Apple: The New Religion?

Original Blog Post #1

In the age of modernity, society is becoming increasingly urban. With the constant technological advancements that flourish society at an unprecedented rate, it is evident that society is progressing towards a technologically dominant culture. Moreover, technology’s influence on society is especially evident when analyzing Apple. Also known as Macintosh, Apple Inc. is a multi-billion dollar technology company that has shown its dominance throughout the 21st century. From individuals lining up for hours just to get their hands on the latest Apple product to taking time out of their hectic day to live stream Apple’s keynotes, it is evident that Apple has a large community of devoted followers. The influence Apple has on its followers is so significant that many fans consider Apple to be their religion.

Looking beyond the standard relationship shared between consumers and businesses, Jennifer Porter (2009) contends that Apple enthusiasts find the sacred through the profane. Also known as implicit religion, the community formed by fans of popular culture, such as Apple Inc., grants the opportunity for each member to experience the divine (Porter, 2009). In this view, Apple doesn’t only provide consumers with the latest technological advancements, but Apple is a religion because they provide members with the opportunity to experience something bigger than themselves (Porter, 2009).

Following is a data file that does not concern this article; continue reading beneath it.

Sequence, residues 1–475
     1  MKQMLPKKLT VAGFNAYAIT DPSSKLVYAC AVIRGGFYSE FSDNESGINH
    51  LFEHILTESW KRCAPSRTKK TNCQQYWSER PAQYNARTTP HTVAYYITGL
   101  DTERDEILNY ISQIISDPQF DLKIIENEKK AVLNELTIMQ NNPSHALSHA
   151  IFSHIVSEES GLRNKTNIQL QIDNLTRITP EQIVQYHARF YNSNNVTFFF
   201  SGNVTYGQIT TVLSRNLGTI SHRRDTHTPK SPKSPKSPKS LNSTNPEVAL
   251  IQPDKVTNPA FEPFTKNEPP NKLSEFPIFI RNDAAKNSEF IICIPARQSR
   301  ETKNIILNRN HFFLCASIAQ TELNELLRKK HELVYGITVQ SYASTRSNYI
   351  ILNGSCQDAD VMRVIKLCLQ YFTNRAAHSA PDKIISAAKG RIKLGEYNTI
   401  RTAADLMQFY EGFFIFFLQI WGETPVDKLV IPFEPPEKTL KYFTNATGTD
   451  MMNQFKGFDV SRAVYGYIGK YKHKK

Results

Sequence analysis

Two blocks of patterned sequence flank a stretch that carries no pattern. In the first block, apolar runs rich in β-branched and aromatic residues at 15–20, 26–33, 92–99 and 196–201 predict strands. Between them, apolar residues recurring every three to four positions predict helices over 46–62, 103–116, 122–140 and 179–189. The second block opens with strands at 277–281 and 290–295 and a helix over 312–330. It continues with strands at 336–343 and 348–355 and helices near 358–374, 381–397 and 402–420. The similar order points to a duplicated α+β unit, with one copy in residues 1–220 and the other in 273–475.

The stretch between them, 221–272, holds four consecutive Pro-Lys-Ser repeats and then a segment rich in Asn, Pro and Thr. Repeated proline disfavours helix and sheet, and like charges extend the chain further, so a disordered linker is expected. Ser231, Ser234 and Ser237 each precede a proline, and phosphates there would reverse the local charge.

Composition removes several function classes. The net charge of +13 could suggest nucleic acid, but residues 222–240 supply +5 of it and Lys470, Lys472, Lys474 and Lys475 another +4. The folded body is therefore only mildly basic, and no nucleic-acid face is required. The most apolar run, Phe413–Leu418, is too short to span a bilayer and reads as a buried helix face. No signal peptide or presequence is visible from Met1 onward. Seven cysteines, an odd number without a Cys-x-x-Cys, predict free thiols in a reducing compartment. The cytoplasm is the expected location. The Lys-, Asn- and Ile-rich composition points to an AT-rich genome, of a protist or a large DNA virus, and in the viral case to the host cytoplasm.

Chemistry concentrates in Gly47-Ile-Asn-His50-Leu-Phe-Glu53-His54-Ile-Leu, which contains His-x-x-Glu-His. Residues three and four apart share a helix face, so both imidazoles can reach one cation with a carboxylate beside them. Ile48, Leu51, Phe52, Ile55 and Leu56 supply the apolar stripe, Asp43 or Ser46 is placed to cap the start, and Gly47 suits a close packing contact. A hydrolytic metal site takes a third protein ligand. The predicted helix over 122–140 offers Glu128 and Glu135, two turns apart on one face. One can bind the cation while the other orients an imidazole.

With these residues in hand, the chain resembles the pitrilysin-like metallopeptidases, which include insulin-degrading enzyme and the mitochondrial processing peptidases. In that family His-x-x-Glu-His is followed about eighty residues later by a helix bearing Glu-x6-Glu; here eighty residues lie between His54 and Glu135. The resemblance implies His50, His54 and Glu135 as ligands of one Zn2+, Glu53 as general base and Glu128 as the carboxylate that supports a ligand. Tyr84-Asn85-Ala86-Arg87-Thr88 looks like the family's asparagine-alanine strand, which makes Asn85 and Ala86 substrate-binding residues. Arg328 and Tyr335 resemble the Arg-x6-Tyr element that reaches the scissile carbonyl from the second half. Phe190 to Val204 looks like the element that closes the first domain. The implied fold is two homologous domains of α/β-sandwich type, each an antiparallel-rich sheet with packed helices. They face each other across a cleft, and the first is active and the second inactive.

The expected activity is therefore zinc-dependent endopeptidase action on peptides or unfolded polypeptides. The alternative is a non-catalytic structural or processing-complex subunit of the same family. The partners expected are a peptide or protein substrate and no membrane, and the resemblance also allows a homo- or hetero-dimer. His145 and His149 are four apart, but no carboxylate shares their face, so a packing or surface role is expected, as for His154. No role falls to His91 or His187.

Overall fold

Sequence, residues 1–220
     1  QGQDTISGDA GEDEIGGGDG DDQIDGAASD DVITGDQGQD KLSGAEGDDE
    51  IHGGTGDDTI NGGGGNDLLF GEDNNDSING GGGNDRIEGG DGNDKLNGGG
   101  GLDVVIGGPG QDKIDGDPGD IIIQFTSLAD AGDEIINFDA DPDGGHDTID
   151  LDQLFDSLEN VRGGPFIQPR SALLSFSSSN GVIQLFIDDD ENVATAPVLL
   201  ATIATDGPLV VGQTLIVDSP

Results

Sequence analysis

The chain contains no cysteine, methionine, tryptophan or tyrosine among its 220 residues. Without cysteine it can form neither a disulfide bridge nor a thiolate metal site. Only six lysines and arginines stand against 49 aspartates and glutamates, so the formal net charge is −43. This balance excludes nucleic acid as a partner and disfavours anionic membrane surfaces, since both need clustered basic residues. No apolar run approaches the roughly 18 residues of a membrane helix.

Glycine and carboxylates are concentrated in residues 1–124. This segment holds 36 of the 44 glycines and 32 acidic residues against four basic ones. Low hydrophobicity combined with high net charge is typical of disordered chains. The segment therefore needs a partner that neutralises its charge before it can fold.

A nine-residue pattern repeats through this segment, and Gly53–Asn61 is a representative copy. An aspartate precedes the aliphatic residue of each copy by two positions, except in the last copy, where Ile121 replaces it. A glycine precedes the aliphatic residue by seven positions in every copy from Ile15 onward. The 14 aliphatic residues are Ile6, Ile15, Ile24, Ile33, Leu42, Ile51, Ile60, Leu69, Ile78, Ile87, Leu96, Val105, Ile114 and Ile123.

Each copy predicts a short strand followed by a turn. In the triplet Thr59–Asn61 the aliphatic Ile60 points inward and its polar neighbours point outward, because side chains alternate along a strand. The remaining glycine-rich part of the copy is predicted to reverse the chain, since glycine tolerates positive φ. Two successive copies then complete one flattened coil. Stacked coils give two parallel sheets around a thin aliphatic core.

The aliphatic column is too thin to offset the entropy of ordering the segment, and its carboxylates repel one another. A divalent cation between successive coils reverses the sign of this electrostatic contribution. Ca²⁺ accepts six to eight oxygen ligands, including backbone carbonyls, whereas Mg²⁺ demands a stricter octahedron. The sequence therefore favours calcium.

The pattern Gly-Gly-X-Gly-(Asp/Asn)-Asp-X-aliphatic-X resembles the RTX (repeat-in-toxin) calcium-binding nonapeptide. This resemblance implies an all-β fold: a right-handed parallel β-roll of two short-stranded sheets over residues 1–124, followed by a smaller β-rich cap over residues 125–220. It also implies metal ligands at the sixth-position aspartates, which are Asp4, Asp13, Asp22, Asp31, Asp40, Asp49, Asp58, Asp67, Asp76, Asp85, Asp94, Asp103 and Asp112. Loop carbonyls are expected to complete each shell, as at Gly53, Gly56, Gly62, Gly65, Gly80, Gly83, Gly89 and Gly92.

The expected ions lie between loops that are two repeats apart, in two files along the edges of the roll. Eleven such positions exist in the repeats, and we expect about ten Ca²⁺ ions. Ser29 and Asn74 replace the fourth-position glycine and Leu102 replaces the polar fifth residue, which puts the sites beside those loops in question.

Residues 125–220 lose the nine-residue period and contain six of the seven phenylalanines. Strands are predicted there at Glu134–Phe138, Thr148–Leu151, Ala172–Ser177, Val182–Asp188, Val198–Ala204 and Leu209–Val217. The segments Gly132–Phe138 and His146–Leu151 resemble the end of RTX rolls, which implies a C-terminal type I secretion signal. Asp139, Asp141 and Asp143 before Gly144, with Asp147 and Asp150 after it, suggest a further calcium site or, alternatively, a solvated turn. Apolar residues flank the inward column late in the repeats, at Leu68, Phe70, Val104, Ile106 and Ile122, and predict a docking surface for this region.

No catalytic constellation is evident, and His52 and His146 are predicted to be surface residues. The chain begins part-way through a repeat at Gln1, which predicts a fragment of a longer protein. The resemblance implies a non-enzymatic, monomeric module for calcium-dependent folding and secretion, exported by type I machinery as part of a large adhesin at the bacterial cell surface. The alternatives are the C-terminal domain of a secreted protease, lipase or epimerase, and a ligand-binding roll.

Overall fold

Edward Bailey further suggests that implicit religion has three nonexclusive features: commitments, integrating foci, and intensive concerns with extensive effects (2006). By Apple encompassing each of the characteristics, Apple was shown to be an example of implicit religion. In regards to commitments, Pui-Yan Lam (2001) contends that one of the ways Apple fans show devotion to their community is by taking pilgrimages to the Apple store hours, or even days, before the release of the latest Apple product. Similar to devotees of traditional forms of religion, Apple fanatics display their commitment to the brand by taking time out of their busy schedule to wait in line, anticipating the moment they get their hands on the advanced technology. By followers demonstrating enormous commitment to the brand, Apple possesses the commitment characteristic.

Fans anxiously wait for the release of the newest Apple gadget

The belief that Apple serves as a catalyst for fans to experience the divine explains why fans are so committed to Apple. As Porter contended, fandom communities are used as a vehicle for the experience of something deeply meaningful (2009). By believing that Apple has the ability to transcend individuals from the profane to the sacred, Mac enthusiasts place strong convictions onto Apple. One way Apple fanatics place focus on the brand is by making it a priority and accommodating every other activity around their commitment to Apple (Steinerts, 2012). For instance, fans take time off from work to travel from every corner of the world just to be in the presence of Steve Jobs, or his successor Tim Cook, when Apple announces their newest innovation (Steinerts, 2012). Committment to Apple leads fans to focus on the community due to the belief that Apple has the ability to revolutionize their well-being (Rosenwald, 2011). By doing so, Apple is shown to encompass Bailey’s second characteristic of implicit religion, integrating foci.